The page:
Like millions of other viewers, we loved Pixar’s Soul. We enjoyed what we understood to be the messages of hope that it proclaimed, both for adults and children alike. But some critics have pointed out one problem with the film that deserves more than a passing mention in a review: Pixar’s first black protagonist is killed off within the first ten minutes of the film – to be replaced with a cat. This is not the first time this trope has been used in film, so let’s discuss why it’s the greatest problem with Pixar’s Soul as well as in other films, but first read our original review here.
“Animorphism is practically synonymous with animation,” writes Jason Kehe for Wired. “Disney turns real boys into donkeys; Miyazaki morphs parents into pigs; the son of Jankovic’s white mare falls somewhere between a horse and a man. Some 44,000 years ago, early humans sketched therianthropes on the walls of caves—same thing”. This isn’t even the first time Pixar has used it.We’ve been seeing it for generations, and so it’s no wonder that for many of us the fact that it may be problematic in Pixar’s Soul slipped right over our heads.
We’ve seen our human protagonists transform – for the better – into animals so many times. The Princess and the Frog allows Tiana to find true love as a frog. Kubo and the Two Strings has Kubo reconnecting with his parents while they’re in the form of a snow monkey and a beetle. My personal favourite, The Emperor’s New Groove, has the spoilt and conceited Kuzco grow into a more well-rounded person while he’s stuck in the body of a llama, of all things.
Like all of the characters that came before him, Soul‘s Joe was somewhat incomplete. His relationship with his family is strained, and he doesn’t feel like he’s living up to his full potential. As we’ve already mentioned, the film sees Joe, voiced by Jamie Foxx, kick the bucket pretty early on, after which he goes to the spirit realm and meets another soul voiced by Tina Fey. Through a series of very Pixaresque events, they end up back on earth, but with one problem: Joe ( aka Jamie Foxx) is now trapped in the boddy of an overweight cat, while his human body is now inhabited by the Tina Fey soul.
Together they run around, with Tina-Joe solving a few of the personal problems original Joe had been struggling with, while he becomes – as you could have guessed – a better human, despite being in the body of a cat. And herein lies the problem.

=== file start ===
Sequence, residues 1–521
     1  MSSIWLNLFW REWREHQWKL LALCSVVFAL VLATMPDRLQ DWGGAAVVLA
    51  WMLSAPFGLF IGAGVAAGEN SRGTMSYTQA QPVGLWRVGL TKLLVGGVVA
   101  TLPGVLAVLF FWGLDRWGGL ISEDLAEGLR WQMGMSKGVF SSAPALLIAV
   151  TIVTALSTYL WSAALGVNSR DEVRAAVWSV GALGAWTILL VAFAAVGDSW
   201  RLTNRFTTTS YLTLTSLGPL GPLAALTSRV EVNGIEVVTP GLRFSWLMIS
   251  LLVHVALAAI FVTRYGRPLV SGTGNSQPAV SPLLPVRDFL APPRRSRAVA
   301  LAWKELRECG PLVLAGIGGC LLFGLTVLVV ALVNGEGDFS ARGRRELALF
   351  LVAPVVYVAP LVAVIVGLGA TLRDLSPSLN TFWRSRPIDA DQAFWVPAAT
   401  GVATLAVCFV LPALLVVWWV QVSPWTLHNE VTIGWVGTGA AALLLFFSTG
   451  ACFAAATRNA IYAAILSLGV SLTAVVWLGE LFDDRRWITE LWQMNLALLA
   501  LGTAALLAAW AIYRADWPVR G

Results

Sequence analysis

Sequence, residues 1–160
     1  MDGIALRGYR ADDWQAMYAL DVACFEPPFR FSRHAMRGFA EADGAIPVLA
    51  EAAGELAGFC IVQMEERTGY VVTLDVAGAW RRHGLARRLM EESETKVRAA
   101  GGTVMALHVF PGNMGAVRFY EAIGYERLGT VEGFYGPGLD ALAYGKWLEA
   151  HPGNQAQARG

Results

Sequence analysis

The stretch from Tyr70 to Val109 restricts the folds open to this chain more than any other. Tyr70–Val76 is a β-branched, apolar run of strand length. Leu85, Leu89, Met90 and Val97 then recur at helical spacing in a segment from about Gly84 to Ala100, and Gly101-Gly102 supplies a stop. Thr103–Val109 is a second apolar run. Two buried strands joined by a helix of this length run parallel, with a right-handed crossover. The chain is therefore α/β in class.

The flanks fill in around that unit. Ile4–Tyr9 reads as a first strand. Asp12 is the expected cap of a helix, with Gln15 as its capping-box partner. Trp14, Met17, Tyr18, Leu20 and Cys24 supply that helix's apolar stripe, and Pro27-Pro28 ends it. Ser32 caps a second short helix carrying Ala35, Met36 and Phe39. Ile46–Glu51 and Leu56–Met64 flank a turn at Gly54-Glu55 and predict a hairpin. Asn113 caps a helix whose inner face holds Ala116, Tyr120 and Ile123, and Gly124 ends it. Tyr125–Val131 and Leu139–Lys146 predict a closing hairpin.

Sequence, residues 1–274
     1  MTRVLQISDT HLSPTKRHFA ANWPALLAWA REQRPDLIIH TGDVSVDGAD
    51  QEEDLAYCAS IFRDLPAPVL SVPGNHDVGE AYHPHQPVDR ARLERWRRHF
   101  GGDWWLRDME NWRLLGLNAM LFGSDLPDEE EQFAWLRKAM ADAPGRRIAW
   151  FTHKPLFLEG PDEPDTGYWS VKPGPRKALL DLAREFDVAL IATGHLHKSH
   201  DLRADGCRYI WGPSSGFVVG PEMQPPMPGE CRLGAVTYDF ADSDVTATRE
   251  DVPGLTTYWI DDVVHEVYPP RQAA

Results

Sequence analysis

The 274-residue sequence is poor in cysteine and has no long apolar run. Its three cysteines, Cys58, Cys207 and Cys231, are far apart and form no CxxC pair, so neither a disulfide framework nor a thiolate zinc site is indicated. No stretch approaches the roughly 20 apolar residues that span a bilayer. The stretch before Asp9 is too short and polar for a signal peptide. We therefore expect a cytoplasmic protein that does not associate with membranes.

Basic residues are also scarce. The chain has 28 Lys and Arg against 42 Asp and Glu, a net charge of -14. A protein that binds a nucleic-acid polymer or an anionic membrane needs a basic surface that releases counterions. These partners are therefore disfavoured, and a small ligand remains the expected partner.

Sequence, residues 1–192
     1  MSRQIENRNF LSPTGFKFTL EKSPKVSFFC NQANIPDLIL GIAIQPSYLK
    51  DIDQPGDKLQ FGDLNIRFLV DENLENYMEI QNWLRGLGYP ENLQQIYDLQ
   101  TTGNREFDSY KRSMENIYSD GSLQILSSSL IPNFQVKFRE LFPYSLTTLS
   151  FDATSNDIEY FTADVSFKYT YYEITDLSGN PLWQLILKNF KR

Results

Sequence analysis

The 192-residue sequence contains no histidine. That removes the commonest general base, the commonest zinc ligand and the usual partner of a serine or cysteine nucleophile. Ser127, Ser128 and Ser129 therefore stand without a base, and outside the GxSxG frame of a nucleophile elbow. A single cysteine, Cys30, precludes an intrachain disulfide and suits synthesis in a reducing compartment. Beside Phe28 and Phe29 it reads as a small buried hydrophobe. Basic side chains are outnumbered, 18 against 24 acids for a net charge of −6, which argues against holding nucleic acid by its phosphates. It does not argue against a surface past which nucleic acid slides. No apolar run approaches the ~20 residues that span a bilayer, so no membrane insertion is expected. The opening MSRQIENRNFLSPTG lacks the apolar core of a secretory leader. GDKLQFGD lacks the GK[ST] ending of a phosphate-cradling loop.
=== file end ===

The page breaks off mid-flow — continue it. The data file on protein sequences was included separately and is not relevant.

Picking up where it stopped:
Kehe argues that this replacement of human character with animals – after which they manage to solve problems they couldn’t while in their human bodies – only happens to a certain type of character.
He starts by pointing out that prior to the release of Soul, Pixar had released Out – an 8-minute short film which includes the studio’s first gay protagonist, Greg. Greg get’s turned into a dog, and it’s only while in the body of his canine companion that he and his mother can truly connect and be honest with each other.
“It’s not just Greg and Joe,” writes Kehe. “Tiana was Disney’s first Black princess, Merida Pixar’s first female lead. The characters in Brother Bear are indigenous, and Kuzco et al. are Incan. Kubo is Japanese, Robyn is possibly queer. Bodily transformation is all but required, it seems, whenever the main character is a first for the genre. To become fully human, they can’t, for a spell, be human”.
While stripping these genre pioneers of their humanity in the name of plot development may be lost on many of us, those who can relate to the characters may not feel quite as comfortable with the idea. What we watched was Pixar dips their toe into the pool of inclusivism, praising their “great leaps forward”, while ignoring the fact that they refuse to commit entirely to their characters as human beings until after they’ve seen audience reactions to them.
The problem with Pixar’s Soul is not obvious to most, and while we still believe there’s a lot to appreciate in the film, if we had thought about it from this angle while watching it, we may have viewed it slightly differently. One thing’s for certain, though: We’ll be approaching animated films in the future armed with this knowledge, and ready to identify when we’re being used as guinea pigs for a studio’s tentative dip into diversity – and urging them to cannon ball right in instead.